Children of Men
Directed by Alfonso Cuarón
Written by Alfonso Cuarón, Timothy J. Sexton, David Arata, Mark Fergus and Hawk Ostby based on the novel by P.D. James
I have been dreading watching this movie again, because I was severely traumatised by it the only other time I saw it. I went to see it at the movies, I think at the Reading cinemas in Wellington. I’ve avoided this ever since. After I saw it last time I had to watch Kiki’s Delivery service to cheer up afterwards. Hopefully watching it again, knowing what will happen and being able to expect it as it comes will soften the blow.
It seems very topical to watch this right after the Brexit referendum was passed, which could conceivably lead to the zero tolerance for immigrants closed borders situation displayed in this film.
It’s incredibly disturbing to see the proliferation of people in cages all over the streets of London. The whole premise of the apocalypse is pretty compelling though – the impact of no longer being able to reproduce and the panic that creates. This is supported with the complete and thoughtful set dressing and disturbing adverts like that for the Quietus suicide kit which we learn is being given out with food rations.
It’s brilliantly filmed. No one’s denying that. I can accept that the shoot out sequence is astounding. But the story hurts me too much. The sequence with the bus going into the refugee camp and Miriam being taken is one of the most upsetting to me. This movie was made shortly after the photos being released from Guantanamo Bay went through the media. What is happening outside the bus is directly lifted from those photos. It makes me feel so sick to see it, knowing that yeah: this movie is a horror story of a dark future, but a bunch of things depicted in it are already happened or have already. That’s disquieting.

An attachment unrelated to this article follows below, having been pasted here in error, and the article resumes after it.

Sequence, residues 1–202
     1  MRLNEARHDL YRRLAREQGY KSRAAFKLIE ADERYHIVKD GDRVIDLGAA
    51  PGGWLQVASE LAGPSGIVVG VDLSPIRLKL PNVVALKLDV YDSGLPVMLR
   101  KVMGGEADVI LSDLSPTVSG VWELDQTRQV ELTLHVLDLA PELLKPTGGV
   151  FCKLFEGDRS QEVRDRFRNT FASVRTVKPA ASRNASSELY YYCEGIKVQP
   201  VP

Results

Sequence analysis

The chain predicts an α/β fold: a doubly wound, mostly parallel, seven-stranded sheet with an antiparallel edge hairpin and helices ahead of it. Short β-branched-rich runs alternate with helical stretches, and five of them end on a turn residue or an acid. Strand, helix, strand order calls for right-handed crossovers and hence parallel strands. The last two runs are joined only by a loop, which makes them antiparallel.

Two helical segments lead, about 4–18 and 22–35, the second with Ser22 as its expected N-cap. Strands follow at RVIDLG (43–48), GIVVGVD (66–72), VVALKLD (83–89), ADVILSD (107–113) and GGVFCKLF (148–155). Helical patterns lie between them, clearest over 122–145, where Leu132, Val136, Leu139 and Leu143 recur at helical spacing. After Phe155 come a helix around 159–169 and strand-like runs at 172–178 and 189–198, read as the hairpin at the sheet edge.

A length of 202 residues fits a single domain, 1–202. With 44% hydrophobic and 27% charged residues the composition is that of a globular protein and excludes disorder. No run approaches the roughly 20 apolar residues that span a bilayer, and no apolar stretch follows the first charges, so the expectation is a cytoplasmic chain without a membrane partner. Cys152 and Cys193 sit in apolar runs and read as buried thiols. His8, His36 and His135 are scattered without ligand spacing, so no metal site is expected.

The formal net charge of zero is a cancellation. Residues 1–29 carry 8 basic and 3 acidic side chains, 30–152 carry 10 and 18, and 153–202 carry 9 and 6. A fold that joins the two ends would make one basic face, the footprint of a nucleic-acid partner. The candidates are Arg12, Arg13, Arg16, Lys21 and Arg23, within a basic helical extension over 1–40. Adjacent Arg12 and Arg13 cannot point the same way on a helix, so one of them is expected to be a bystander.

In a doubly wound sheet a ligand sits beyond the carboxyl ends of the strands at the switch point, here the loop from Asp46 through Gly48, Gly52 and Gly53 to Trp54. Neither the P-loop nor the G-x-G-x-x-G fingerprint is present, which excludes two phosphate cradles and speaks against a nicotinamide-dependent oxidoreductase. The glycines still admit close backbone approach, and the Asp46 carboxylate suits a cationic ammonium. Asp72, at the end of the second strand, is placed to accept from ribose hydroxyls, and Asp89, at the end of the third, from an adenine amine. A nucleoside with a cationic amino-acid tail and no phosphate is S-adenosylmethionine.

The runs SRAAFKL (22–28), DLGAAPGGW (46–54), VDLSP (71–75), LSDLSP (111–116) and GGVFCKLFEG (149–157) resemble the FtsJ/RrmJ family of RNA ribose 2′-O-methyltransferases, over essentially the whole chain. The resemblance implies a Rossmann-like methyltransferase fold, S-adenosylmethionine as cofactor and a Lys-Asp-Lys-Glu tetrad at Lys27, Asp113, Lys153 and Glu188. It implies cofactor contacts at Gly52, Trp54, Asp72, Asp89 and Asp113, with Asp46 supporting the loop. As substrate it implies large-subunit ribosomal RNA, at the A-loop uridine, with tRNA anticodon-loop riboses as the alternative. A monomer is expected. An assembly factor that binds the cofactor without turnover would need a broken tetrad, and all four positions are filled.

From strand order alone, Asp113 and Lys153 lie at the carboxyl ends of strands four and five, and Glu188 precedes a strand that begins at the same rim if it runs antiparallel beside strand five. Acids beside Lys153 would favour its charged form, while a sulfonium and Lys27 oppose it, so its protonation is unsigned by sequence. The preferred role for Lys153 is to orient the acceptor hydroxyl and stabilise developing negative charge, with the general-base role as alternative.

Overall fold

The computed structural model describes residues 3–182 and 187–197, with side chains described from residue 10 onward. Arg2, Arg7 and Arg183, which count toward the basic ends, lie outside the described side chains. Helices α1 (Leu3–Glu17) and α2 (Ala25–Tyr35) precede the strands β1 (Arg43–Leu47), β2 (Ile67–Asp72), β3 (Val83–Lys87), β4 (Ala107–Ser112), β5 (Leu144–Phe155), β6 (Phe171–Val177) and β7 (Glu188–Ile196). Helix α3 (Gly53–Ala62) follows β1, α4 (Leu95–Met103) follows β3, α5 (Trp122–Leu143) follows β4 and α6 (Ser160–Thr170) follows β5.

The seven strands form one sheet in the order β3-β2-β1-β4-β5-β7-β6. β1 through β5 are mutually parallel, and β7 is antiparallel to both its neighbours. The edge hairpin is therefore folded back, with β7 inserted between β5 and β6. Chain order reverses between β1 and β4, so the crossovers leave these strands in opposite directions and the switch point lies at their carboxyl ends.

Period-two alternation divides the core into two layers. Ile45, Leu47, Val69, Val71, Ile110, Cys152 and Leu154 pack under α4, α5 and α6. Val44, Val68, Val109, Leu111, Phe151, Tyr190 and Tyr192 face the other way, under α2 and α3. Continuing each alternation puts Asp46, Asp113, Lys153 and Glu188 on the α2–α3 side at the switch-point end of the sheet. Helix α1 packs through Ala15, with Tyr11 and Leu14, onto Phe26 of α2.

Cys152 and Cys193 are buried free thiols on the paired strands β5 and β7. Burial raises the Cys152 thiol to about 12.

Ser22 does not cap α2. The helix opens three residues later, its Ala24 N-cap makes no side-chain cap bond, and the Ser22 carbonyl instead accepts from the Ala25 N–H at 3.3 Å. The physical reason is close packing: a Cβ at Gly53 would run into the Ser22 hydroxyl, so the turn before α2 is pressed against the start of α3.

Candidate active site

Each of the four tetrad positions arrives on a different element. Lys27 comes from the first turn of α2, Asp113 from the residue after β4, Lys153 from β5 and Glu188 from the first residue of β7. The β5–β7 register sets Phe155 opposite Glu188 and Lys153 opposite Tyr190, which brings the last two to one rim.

Does it make me love the people? The characters are certainly compelling. The reason this movie is so upsetting to me is how quickly they make me care about the characters. One of the most heartbreaking sequences to me is Jasper giving Janet the quietus as Goodbye Ruby Tuesday plays. The brutality of Jasper’s murder as he makes a joke, watched from afar by Theo is a horrible follow up.
Bechdel test: Kee (number one most stupidly obviously named character of the century right there) and Miriam are together through most of the movie, but it’s astonishing how often they talk via a male character. Jasper, Theo or whoever else happens to be there. However when Kee starts to have contractions they definitely talk directly to each other. So, yes, but not as often as it should/could have been. Matrihka also speaks to Kee, but in a language she can’t understand so… not sure about that one.
I love the graffiti “Last one to die please turn off the light.”
Kee: nobody ever told me these things, I’d never seen a pregnant woman before. But I knew. I felt like a freak. I didn’t tell nobody. I thought about the Quietus thing. It’s supposed to be suave, pretty music and all that. Then the baby kicked. I feel it. Little bastard was alive and I feel it and me too. I am alive. Frolly.
K: that’s what I’ll call it.
T: It’s the first baby in 18 years. You can’t call it Frolly.
The classroom sequence is what really stayed with after the last time I saw this. Miriam explaining how she suddenly noticed miscarriages happening and the blank month in her schedule. It’s such an eloquent way of showing the human reaction of the creeping horror of realising something’s wrong. This weird way to realise that things in the world are changing in a fundamental way…
Miriam: As the sound of the playgrounds faded, the despair set in. Very odd, what happens in a world without children’s voices.
State of Mind: I can accept that the shoot out sequence is astounding. I ugly cried when everyone stopped firing and watched in reverance as Kee, Theo and the baby go past. But the fact of the matter is that the movie is way too bleak for me. I’m an optimist, and this film is relentlessly negative. It introduces you to people you think the characters can trust, and then they betray them, over and over and over. It’s too sad. And more, the bleakness of the world and the realism of the violence which makes it feel more like a documentary of things really plausible in the world now. I don’t like it.